Twitterverse blasts Air Canada for ticket controversy but airline says policy is thoroughly modern

Michelle McQuigge, The Canadian Press 0

TORONTO – Air Canada may be on the verge of ushering in a new year, but a recent flurry of activity on social media suggests the country’s largest airline is stuck in a previous century.

Twitter has been abuzz after a Calgary-based customer accused the airline of discriminating against women who decide to keep their maiden names after marriage.

Chris Turner voiced his complaints publicly after attempting to transfer a travel voucher to his wife, who does not use the same surname as him.

“Hey, @AirCanada — your (very helpful) phone rep tells me I can’t transfer a voucher to my wife pre-flight BECAUSE SHE KEPT HER NAME. Really?” Turner tweeted.

The ensuing exchange with the airline prompted a flurry of support from digital spectators as well as a rival pitch from a competing airline.

Air Canada itself, however, said its voucher transfer policy is more nuanced than the social media chatter would have people believe.

Spokeswoman Isabelle Arthur said customers are free to transfer vouchers to anyone they wish, but not all transfers can be accomplished over the phone as Turner was attempting to do.

“If the last name is not the same, documents must be sent for a refund to avoid fraudulent use which unfortunately has occurred in the past,” Arthur said in an email. “This will no longer be an issue as gift cards, which are fully transferable, become more common place (sic).”

Arthur said those documents, which include the voucher endorsed by its original owner as well as the itinerary receipt, can be submitted electronically through the company website.

Refunds may be issued before the flight in question leaves the ground, she said, touching on one of the issues that troubled Turner.

He did not respond to a request for an interview, but his Twitter exchange with the airline suggested he would have to purchase another ticket for his wife and wait to be reimbursed once the travel voucher had been transferred. More pressing for Turner, however, was his perception that Air Canada had failed to keep up with modern naming practices now common with today’s Canadian families.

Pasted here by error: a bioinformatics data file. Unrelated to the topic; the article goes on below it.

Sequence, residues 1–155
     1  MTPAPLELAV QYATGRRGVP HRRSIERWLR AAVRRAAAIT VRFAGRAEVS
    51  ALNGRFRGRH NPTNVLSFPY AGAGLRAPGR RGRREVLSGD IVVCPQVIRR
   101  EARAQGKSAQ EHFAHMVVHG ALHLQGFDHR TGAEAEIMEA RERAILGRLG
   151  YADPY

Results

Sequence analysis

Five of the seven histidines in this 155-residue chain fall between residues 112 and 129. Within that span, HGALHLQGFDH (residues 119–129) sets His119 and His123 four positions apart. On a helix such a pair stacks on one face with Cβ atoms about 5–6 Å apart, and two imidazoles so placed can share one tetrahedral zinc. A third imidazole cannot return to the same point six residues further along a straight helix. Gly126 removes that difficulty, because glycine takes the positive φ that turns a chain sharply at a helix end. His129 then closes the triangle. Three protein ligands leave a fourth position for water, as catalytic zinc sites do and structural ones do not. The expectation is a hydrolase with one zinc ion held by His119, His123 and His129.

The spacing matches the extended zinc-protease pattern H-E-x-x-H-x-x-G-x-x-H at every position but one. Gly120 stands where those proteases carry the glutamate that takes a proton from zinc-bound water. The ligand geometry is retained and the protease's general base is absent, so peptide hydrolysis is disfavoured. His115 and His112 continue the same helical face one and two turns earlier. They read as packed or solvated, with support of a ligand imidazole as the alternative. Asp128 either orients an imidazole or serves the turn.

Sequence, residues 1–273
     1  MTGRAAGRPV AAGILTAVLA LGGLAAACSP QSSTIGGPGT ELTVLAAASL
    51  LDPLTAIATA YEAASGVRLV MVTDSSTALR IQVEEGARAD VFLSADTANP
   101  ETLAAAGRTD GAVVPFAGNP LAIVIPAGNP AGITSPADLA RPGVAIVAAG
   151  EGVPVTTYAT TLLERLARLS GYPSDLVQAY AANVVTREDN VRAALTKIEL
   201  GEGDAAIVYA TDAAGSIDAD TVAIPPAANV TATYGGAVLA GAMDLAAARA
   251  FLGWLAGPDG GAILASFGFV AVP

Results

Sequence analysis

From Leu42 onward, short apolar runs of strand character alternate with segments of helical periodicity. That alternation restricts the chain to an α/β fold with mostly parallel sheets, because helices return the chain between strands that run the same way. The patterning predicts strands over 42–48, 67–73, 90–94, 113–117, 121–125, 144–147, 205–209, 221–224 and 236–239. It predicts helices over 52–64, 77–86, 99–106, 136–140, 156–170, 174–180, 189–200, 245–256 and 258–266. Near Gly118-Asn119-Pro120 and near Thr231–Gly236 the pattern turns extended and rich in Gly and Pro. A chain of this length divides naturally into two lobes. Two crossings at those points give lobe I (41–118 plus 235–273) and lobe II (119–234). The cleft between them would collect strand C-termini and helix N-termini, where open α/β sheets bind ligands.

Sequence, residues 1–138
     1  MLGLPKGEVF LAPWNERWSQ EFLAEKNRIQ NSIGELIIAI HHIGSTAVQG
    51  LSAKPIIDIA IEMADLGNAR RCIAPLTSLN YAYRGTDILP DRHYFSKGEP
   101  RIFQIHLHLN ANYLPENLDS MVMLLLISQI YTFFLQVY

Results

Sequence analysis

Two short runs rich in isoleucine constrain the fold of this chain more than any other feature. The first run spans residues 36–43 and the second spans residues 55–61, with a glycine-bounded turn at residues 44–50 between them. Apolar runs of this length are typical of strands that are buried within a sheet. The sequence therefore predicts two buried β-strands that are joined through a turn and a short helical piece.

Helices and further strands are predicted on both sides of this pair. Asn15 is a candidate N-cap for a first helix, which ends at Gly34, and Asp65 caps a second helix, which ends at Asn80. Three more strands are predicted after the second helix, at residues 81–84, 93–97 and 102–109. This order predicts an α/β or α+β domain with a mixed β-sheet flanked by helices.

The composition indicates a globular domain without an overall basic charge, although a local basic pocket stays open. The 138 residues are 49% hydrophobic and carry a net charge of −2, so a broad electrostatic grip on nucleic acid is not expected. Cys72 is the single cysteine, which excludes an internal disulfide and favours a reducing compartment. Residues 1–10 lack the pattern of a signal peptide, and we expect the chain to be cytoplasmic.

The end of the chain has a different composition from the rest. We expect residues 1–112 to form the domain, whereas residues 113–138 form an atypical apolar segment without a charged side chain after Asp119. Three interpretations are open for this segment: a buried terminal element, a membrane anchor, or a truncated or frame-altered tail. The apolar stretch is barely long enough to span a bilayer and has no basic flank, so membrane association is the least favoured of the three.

“Maybe let your bosses know that those of us who are not married to June Cleaver find this deeply insulting,” he wrote.

Others were quick to chime in.

“(T)hat’s a terrible policy. Name change traditions vary widely: Quebec, same-sex marriage,” wrote one Twitter user.

“Not to mention the ones from cultural traditions where identical surnames never happen?” countered another.

Others voiced their discontent more succinctly.

“Hello A/C – 1950 wants its policy back.”

One of Air Canada’s competitors, WestJet Airlines, also jumped into the fray to advertise its own more lenient transfer policy.

“Credits with us are transferable to anyone of your choosing,” read a post from the corporate twitter account. “You can make the booking for them or transfer the $ their account.”

WestJet did not respond to a request to clarify the finer points of its policy, including whether documentation needs to be filled out.

Rival Porter Airlines said it, too, has tried to maintain a more flexible approach to travel vouchers.

“Vouchers issued by Porter are transferable to anyone prior to travel at the discretion of the voucher holder,” said company spokesman Brad Cicero.

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